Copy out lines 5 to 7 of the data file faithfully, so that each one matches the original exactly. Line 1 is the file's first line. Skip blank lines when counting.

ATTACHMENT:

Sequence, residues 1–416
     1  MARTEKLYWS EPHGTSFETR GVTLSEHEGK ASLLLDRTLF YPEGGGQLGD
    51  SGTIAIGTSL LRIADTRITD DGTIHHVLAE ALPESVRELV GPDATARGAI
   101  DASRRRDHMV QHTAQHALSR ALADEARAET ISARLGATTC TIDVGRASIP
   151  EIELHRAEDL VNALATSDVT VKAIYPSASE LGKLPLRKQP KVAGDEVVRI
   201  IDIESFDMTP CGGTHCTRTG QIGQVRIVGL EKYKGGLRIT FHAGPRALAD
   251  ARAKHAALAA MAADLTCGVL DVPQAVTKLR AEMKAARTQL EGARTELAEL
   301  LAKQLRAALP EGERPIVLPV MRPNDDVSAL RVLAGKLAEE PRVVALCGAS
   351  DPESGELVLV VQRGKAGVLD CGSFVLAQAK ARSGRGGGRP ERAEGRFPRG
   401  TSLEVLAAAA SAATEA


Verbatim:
   151  EIELHRAEDL VNALATSDVT VKAIYPSASE LGKLPLRKQP KVAGDEVVRI
   201  IDIESFDMTP CGGTHCTRTG QIGQVRIVGL EKYKGGLRIT FHAGPRALAD
   251  ARAKHAALAA MAADLTCGVL DVPQAVTKLR AEMKAARTQL EGARTELAEL